"Steve Forbes' attack ad distorts the truth," says the new 30-second ad. "Our research shows Governor Bush signed the largest tax cuts in Texas history."
Many Republicans blame Forbes for helping to weaken Dole, who won the GOP primary but went on to lose to President Clinton. The ad says: "Sadly Steve Forbes has a history of unfairly attacking fellow Republicans."
In a Republican debate the weekend before, Bush and Arizona Sen. John McCain agreed not to run negative ads against one another, but Forbes would not make the same pledge. The RLC ad closes with video of Bush and McCain shaking hands during that debate, with a narrator saying: "Call Steve Forbes and tell him to join George Bush and John McCain in running a positive campaign on the issues."
The RLC plans to run the ad heavily for five days in Iowa and five days in New Hampshire and, if Forbes continues to air his attack ad, the RLC will buy more time, said executive director Mark Miller.
Bush also is preparing an ad that responds to Forbes, in which Bush says he is running a campaign free of "cynical and negative politics." He doesn't name Forbes but says: "My opponent has chosen to run a negative campaign," advisers said.
Dal Col didn't offer any proof that the RLC and the Bush campaign worked in concert but said it was obvious, given their similar strategies.
"Of course they coordinated," Dal Col said. "They've got to prove there's not (coordination). It's too obvious."
Miller said there were no discussions with the Bush campaign on the ad, even though many RLC donors also support Bush.
"You take any group of Republicans in the country and put them in a room, 70 percent are going to support Bush," he said.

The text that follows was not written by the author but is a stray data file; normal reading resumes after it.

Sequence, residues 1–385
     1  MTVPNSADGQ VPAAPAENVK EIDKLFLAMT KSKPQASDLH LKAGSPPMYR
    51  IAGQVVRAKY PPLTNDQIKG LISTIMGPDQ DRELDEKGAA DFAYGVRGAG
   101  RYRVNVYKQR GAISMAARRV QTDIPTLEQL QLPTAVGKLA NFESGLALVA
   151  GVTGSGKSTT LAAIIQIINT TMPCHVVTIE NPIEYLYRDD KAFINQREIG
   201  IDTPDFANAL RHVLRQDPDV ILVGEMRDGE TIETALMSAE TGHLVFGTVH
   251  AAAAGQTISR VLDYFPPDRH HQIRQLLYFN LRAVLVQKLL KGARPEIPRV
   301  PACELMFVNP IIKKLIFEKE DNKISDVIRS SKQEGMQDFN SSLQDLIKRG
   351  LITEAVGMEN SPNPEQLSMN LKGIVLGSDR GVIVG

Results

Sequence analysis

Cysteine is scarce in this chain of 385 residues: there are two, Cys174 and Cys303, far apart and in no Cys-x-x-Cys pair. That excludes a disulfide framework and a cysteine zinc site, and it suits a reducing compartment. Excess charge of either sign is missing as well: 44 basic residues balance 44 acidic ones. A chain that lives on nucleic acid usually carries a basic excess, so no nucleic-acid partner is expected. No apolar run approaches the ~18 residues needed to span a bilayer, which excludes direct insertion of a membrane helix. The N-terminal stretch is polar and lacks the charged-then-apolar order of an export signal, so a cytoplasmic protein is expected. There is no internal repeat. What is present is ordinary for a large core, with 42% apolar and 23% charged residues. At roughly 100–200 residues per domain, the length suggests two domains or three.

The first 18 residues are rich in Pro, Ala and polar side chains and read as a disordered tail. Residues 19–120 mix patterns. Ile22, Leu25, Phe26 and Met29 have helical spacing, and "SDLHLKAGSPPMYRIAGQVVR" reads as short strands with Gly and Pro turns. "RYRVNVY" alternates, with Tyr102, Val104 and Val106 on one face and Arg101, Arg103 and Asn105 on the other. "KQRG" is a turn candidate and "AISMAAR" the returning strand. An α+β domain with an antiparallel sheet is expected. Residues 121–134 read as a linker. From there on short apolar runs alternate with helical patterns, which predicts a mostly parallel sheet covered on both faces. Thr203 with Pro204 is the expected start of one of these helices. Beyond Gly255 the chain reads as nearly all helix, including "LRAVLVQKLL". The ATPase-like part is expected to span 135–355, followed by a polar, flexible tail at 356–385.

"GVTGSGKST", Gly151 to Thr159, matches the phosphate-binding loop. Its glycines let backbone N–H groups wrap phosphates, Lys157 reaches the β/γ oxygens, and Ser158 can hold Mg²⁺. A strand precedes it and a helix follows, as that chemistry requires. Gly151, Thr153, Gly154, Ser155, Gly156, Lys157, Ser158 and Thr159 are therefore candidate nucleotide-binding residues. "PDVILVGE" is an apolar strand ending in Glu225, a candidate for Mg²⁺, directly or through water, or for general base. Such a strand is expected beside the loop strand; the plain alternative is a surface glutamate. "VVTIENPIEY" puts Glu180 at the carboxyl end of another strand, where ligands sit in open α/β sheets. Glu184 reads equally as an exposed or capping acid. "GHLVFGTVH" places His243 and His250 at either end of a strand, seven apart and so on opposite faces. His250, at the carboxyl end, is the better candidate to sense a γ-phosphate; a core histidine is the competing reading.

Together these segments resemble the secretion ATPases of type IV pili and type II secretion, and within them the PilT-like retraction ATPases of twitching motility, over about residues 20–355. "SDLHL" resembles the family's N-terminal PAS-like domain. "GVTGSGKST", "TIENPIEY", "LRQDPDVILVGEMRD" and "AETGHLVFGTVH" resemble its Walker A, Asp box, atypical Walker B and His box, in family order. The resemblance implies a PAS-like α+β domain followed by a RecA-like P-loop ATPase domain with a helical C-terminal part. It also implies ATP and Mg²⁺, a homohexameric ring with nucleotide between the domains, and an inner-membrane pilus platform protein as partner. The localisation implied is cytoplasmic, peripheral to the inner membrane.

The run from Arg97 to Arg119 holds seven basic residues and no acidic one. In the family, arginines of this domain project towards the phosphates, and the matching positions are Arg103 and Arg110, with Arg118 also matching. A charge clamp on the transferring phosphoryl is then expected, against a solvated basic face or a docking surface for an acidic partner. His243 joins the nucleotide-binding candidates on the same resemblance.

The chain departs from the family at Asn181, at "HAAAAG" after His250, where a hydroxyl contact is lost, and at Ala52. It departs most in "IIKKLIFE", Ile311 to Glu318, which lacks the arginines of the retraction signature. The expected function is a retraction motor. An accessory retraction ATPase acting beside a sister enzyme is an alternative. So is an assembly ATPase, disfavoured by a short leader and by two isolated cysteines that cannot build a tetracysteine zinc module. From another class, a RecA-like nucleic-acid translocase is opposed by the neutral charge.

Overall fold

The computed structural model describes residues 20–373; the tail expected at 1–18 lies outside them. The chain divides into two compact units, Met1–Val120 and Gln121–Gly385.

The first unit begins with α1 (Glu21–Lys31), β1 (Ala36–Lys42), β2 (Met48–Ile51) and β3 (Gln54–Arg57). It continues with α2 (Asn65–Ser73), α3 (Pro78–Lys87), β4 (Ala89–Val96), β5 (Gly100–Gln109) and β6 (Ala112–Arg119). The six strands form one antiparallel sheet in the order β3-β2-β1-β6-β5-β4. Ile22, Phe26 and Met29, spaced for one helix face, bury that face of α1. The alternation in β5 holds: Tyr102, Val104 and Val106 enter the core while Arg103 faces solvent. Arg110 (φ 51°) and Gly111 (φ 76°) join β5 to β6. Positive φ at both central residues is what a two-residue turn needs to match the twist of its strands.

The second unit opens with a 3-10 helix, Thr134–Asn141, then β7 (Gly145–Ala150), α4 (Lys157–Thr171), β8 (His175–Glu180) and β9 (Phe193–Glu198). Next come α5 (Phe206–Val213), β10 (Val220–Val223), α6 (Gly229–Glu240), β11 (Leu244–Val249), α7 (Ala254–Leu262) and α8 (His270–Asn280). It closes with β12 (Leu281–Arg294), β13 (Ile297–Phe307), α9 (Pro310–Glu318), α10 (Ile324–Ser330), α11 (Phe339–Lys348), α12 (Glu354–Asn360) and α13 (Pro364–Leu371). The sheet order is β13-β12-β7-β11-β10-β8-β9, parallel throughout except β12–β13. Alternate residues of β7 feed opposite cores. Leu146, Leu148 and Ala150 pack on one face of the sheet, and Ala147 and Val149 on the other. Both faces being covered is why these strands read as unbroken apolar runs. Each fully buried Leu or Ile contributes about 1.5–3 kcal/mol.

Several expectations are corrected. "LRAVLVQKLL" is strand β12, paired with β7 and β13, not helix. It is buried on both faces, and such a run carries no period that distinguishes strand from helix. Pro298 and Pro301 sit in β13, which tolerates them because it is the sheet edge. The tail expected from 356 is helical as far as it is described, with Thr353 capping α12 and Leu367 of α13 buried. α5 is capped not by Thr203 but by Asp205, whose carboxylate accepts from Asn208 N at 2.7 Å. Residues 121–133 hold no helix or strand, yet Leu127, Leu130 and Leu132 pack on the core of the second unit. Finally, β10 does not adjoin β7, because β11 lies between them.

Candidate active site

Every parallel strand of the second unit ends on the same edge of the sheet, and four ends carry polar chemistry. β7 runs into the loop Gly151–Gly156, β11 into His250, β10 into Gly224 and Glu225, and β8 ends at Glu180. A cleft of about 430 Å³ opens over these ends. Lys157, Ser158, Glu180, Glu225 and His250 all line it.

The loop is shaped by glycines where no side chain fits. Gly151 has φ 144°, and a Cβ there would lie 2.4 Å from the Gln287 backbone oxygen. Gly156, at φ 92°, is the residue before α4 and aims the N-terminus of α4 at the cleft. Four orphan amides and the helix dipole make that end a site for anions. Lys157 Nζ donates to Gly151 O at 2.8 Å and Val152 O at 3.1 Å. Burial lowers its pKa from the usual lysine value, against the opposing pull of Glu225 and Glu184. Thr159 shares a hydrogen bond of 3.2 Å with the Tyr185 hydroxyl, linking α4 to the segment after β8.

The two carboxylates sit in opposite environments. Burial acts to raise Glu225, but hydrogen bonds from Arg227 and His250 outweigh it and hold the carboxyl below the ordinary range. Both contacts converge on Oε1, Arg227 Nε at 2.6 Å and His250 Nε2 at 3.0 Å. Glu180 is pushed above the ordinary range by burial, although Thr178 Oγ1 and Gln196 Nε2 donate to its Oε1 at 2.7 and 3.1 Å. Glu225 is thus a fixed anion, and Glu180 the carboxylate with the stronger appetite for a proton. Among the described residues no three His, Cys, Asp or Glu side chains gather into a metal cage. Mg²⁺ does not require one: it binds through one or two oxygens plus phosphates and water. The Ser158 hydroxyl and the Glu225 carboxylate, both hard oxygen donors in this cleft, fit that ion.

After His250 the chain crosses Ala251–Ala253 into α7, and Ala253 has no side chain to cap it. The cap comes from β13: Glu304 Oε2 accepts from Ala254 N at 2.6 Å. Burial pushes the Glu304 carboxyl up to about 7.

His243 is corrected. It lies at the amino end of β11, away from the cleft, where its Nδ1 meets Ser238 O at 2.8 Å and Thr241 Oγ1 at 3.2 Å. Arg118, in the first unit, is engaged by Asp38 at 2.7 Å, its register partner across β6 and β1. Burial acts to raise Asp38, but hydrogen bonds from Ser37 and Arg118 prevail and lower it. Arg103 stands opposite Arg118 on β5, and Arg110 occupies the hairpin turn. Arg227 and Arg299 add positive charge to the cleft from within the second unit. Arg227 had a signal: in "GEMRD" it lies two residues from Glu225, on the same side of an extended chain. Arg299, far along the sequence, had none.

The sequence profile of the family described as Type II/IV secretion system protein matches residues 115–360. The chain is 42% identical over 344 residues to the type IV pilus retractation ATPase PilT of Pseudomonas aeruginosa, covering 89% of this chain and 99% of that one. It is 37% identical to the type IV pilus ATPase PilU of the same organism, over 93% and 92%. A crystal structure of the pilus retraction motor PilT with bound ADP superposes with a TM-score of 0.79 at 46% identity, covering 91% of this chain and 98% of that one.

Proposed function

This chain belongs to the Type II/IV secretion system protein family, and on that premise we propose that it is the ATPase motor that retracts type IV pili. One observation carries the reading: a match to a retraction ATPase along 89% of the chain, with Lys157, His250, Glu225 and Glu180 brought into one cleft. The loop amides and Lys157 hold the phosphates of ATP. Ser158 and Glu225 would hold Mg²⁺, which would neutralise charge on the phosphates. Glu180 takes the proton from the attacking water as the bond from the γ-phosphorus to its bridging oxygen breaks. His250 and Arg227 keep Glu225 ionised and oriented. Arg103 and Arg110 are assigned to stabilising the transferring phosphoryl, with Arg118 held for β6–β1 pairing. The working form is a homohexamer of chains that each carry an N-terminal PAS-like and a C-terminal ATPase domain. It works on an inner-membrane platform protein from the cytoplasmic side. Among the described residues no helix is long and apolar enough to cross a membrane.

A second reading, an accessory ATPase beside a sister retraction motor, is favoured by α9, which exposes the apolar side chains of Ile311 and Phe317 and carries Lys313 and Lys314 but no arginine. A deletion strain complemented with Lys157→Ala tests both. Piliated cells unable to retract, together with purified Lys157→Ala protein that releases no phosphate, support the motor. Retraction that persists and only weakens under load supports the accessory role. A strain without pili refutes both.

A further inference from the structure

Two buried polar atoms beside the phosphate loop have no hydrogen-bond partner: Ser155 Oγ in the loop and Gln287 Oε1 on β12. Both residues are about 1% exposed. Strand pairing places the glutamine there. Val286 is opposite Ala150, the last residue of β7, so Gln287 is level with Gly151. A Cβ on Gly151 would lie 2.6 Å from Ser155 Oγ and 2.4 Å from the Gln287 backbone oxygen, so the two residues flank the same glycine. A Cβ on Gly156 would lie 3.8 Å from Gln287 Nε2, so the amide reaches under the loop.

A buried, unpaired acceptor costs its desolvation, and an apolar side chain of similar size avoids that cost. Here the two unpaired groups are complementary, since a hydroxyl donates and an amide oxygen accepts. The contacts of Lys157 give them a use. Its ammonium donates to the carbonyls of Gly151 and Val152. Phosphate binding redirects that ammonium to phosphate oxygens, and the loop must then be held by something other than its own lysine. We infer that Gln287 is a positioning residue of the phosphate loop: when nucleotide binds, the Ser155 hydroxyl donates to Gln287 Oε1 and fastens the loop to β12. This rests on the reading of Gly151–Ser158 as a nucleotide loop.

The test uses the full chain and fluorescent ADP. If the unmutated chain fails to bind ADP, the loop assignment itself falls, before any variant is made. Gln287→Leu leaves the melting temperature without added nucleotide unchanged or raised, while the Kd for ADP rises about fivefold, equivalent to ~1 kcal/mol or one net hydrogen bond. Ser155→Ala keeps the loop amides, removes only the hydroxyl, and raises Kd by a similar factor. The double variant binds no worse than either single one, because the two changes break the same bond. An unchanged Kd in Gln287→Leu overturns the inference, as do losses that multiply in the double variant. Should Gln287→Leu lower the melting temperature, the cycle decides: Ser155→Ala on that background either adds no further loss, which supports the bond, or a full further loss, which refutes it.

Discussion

"Send him back to tyranny!":Tens of thousands of mothers fill Havana street for Elian
Waving tiny Cuban flags in a stiff breeze, tens of thousands of mothers marched along Havana's main oceanfront avenue on January 14, marking the day 6-year-old Elian Gonzalez was to have come back to Cuba from the United States.
Elian's own mother drowned at sea. The boy was plucked from the waters off the coast of Florida on November 25, one of three survivors of a boat accident in which his stepfather and eight others -- in addition to his mother -- drowned as they tried to reach the United States from Cuba.
Cubans have rallied almost daily since that time, supporting the demands of the Cuban government and Elian's father, Juan Miguel Gonzalez, for the boy's return to Cuba. Both sets of Elian's grandparents also live in Cuba.
With their children by their sides or in their arms, the women followed Elian's two grandmothers, both wearing shirts emblazoned with their grandson's picture, down the Malecon coastal highway.
To emotional chants of "Return Elian to Cuba -- Save Elian," and "We want our son," the several-mile long march made its way to the building housing the U.S. Interests Section, where most of the demonstrations have taken place.
Elian has stayed with relatives in Miami since his rescue, while the
bitter battle over his custody escalated. While the U.S. government deliberated
over whether to return the boy to his father in Cuba, Cuban-American activists
protested to keep Elian in the United States.
In Cuba, Elian is referred to as "the kidnapped boy," and Cuban officials said they were eager for his return.
"I believe in the word of the U.S. authorities," said Ricardo Alarcon, president of the Cuban National Assembly. "They have expressed themselves clearly in the proper relation. Let's hope that they will find a way to simply convert its words into actions."
The INS rejected the day before a second application for asylum filed on behalf of the boy, but agreed to delay its deadline for returning him to Cuba -- originally the day of the protest -- to allow time for an appeal in federal court.